b. quadra stables c. bodega old carozas, grains d. entrasuelo mezzanine where the valuables are kept, may also house offices or additional dwelling units e. patio enclosed courtyard 2. CEREMONIAL STAIRWAY first three step (descanzo) made of marble tiles; landing with bastonera; remaining steps are made of narra 3. LIVING SPACES wide double doors may be opened to connect the spaces and create a large hall a. antesala or caida for acquaintances; spacious hall separated by callado b. sala for friends and intimates; divided by movable screens or biombo c. bedrooms (quarto or silid) usually three; contains fourposted beds, armories, chests; SANTOS with ivory heads and hands are placed at the master bedroom d. comedor dining area; plateria and long table 4. COCINA kitchen; contains the paminggalan (food cabinet) and dispensa (rice storage) 5. COMON or LATRINA toilet, sometimes with two-passenger water closet 6. BAO or PALIGUAN bathroom 7. ALCOVA additional quartos 8. VOLADA flying gallery over the zaguan; protects the interior from heat and rain 9. AZOTEA open terrace of stone and ceramic placed near the kitchen; with a cistern for gathering rain water 10. BALCON terrace in the living room, jutting out of the house

- distinctive features

1. PERSIANA large windows with slats covered with capiz to filter light; unique in Southeast Asia 2. VENTANILLA small windows usually at lower portion of the wall 3. CALLADO open woodwork or tracery; fixed over a window or placed as space dividers 4. BARANDILLAS wrought iron traceries on the wall 5. BANGGERA where the dishes are kept

- regional differences Examples: 1. ILOCOS sober architecture; Vigan houses are entirely made of bricks, pilasters embedded on sides, dignified without too much decoration 2. CEBU expansive, ground floor made of huge coral stones 3. SOUTHERN TAGALOG airy. Second flanges over the walls of the ground

MILITARY ARCHITECTURE
- forts and fortresses constructed by Spanish friars as a defense against Moro pirates 1. REAL FUERZA DE SANTIAGO (Fort Santiago) shrine of freedom, designed by Father Antonio Cedeno, with Diego Jordan as engineer 2. INTRAMUROS famous walled city within a city; seven gates; completed 1872; made of bricks and hard adobe from the Pasig River quarries; wall are 45 ft thick and rise 25 ft above the moat; structures inside the city include: a. Fort Santiago b. San Agustin Church c. Convent

LATE SPANISH PERIOD


- architectural development 1. roofs at 45 degrees gradient or less 2. use of bricks, limestone, hardwood, capiz shells (G.I. sheets and clay tiles or tisa were imported) 3. elaborate lace-like grillwork (1870s) 4. transoms with floral and foliate scroll work (1890s) 5. 1890s Art Nouveau brought swirling vines and flowers for staircase balustrades, etched or colored glass panels replaced capiz 6. emergence of Filipino and foreign architects working in the Philippines a. FELIX ROXAS first Filipino architect; served as architect to the Manila government; studied in England and Spain b. JUAN HERVAS a Catalan who was one of the Spanish architects invited to reconstruct Manila after the earthquake of 1863 and 1880 7. churches a. Sto. Domingo Church, Intramuros b. San Ignacio, Intramuros first church designed by a Filipino architect c. San Sebastian Church, Manila only Gothic church in the Philippines 8. brides a. Fuente de Espana first bridge to span the Pasig River linking Intramuros and Binondo b. Colgante Bridge suspension bridge; only for pedestrians; framework of iron imported from England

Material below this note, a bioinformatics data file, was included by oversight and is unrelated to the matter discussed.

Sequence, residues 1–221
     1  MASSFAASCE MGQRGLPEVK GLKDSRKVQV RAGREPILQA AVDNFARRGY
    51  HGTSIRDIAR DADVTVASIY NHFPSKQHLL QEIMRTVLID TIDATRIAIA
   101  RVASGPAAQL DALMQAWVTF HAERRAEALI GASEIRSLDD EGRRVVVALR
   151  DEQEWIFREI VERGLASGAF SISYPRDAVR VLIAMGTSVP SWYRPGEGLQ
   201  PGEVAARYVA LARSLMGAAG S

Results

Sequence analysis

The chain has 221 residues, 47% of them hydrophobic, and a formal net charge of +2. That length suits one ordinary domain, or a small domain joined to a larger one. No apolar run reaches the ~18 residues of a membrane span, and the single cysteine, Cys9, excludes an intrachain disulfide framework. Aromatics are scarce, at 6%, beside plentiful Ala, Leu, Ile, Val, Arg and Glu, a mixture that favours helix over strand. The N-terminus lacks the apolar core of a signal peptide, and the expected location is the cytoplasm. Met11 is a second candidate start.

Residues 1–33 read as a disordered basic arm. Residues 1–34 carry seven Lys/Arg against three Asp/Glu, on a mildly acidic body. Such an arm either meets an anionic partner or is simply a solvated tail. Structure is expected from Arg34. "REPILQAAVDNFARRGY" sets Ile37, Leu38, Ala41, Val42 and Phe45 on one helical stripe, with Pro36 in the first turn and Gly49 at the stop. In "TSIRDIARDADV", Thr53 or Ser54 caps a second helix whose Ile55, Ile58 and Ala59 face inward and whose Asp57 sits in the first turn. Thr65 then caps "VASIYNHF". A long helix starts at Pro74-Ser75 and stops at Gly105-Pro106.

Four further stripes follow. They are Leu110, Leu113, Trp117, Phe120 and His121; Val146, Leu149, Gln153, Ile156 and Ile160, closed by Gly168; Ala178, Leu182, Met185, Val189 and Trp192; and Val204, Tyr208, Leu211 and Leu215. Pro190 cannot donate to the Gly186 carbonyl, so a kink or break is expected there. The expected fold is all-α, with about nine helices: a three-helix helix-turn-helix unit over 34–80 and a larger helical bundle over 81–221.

AMERICA PERIOD
- architectural development 1. a regime of reinforced concrete and galvanized iron

2. Neo-Classical styles 3. DANIEL BURNHAM commissioned by Gov. General W.H. Taft to draft the Master Plan for Manila and government buildings (Agri-Finance Building, Senate Building, among others) 4. MASTER BUILDERS (maestro de obras) acquired title either from practical experience or completed academic training of Master Builders course 5. LICEO DE MANILA first school to open three year course in architecture 6. TOMAS MAPUA first licensed architect; established the second school (followed by UST and Adamson) 7. MASONIC TEMPLE, Escolta first multi-storey reinforced concrete building in the Philippines 8. CHALET suburban house; simple design with verandah in front or around the house; middle-class 9. 1930s continued urban development; emergence of multi-storey, multifamily dwellings and commercial structures; distinct simplification of lines, emphasis on verticality; other architects contradicted the trend by putting horizontal strips of glass window

POST-WAR ARCHITECTURE
- mediocre design, uncontrolled and hasty rebuilding only resurrected old designs - commercial building drew inspiration from contemporary architecture in the

West

- development of community planning - BUNGALOW introduced in 1948; one-storey house with wide picture windows, a lanai and a carport for up to three cars - modern architecture with a renewed interest in Filipino motifs a. use of pointed roofs, lattices, screens, wood carvings b. architecture of LEANDRO LOCSIN and FRANCISCO MANOSA